While you certainly should use your blog to talk about and promote your products, unless you have more than one blog, it would be a big mistake to focus your site just on announcements about your products. You’d be missing out on the true marketing power of your blog if you went this route.
How to fix it
  • Write for the audience you want to attract. If you prospective SaaS customers are people who intend to lose weight, don’t spend 90% of your blog time discussing cool features you introduced in your app. Instead, write about topics that interest this particular demographic such as weight loss, fat burning, healthy foods, lean mass gain, etc. This way you’ll gather a community around that topic. Make it the blog that absolutely anyone who is losing weight should follow, whether they use your app or not. All the readers that you’ll attract will be exposed to your product either by sheer branding (ergo the importance of logos and links in the template mentioned previously) or by following your blog regularly, and then ending up reading your occasional bona fide product announcements.
  • Even when announcing a feature or posting about a product promotion, try to focus on how this will benefit the reader. Tell a story. Don’t just write a dry announcement. For example, if you are talking about an Android version of your app for dieters, talk about how stressful it is to try and keep track of calories when dining on the go, and how this new addition to your product line up will facilitate the lives of those who use your product.
  • Focusing on providing value for your readers, rather than just pushing a sale, will greatly help you increase your business. This will in fact make you come across as more trustworthy and genuine, as well as help you establish yourself as an expert in your field. If I trust you and consider you to be an expert, I’m willing to buy from you and your recommendations.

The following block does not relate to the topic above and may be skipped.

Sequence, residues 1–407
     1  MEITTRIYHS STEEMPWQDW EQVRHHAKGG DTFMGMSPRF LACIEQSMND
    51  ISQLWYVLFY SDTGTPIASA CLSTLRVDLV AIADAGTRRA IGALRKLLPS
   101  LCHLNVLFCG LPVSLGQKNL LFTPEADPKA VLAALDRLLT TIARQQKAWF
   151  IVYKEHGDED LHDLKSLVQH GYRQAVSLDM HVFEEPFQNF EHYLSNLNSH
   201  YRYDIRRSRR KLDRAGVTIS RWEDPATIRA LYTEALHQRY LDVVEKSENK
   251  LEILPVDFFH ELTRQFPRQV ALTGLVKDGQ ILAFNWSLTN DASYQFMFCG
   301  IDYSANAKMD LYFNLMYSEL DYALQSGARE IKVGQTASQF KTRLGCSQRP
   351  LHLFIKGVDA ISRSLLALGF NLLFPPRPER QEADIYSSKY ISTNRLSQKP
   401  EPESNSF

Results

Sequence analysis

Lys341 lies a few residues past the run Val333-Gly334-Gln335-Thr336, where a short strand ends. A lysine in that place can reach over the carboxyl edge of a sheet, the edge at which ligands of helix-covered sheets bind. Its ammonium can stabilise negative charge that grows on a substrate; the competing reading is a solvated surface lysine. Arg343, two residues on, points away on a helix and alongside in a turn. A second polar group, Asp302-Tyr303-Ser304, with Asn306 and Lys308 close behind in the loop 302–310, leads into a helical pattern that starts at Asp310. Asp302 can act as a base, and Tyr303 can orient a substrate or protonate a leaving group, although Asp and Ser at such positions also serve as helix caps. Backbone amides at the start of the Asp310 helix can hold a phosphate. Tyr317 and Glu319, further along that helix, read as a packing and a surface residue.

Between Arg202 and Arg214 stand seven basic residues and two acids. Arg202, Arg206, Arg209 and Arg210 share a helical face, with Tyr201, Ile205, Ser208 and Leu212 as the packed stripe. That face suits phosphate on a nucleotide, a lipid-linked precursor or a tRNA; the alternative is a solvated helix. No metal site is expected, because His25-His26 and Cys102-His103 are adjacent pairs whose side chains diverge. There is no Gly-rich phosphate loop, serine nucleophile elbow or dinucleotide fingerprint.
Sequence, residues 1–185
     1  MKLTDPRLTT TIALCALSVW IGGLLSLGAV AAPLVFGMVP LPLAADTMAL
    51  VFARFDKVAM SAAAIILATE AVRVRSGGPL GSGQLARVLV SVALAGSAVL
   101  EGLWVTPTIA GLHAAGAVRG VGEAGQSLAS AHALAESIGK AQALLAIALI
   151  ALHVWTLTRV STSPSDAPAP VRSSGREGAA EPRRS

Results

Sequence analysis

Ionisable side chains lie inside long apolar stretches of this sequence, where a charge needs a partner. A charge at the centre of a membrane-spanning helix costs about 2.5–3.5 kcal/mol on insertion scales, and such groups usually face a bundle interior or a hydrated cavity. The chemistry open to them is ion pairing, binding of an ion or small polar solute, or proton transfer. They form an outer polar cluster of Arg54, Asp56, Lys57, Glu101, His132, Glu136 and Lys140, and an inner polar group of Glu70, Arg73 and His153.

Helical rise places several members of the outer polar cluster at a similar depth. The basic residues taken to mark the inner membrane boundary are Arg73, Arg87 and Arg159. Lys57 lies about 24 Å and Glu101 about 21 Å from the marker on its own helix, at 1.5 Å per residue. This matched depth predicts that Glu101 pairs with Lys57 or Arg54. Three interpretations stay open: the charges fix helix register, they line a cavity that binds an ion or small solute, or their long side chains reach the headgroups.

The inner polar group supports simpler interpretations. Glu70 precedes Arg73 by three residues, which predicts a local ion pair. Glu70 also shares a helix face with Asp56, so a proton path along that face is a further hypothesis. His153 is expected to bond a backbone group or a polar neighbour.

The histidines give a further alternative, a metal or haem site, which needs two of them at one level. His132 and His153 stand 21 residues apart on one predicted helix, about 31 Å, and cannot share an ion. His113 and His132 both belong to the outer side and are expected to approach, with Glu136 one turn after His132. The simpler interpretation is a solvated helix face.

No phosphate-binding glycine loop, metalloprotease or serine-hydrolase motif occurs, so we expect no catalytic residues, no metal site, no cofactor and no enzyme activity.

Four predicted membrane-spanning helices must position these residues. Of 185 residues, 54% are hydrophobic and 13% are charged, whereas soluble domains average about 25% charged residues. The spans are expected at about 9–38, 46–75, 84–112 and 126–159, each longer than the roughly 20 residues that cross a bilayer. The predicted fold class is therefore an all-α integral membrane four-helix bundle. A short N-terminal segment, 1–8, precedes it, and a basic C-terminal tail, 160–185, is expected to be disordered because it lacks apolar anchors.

• Have a small blurb or banner ad for your products at the bottom of your posts, rather than each post just being an ad itself for your products.

Blogging mistake #5: Hiding what your product is about

I hate it when I’m five minutes into a post of a startup, and I have no idea what these guys actually do or what they’re trying to sell me. This is far more common than it should be.
How to fix it
  • Have a small description at the top of your blog (typically in the sidebar) that explains who you are and what you do. (e.g., “Acme Fat Loss” is a web application that helps you lose weight by tracking calories and suggesting recipes that are within your daily calorie allotment”).
  • If your post has anything to do with your product, quickly introduce what your product does within your post. Don’t just assume everyone knows. For example, “The investment we received means that we’ll be able to allocate far more resources to the development of our calorie tracker and healthy recipe generator application”.
These are not by any means the only mistakes businesses do when trying to succeed at blogging. They are however some of the major, and perhaps most common, ones. Thankfully simple, effective fixes, as shown, are far from hard to implement and can be such a massive boon to you and your company.

Hope this helps for starters. Thank you.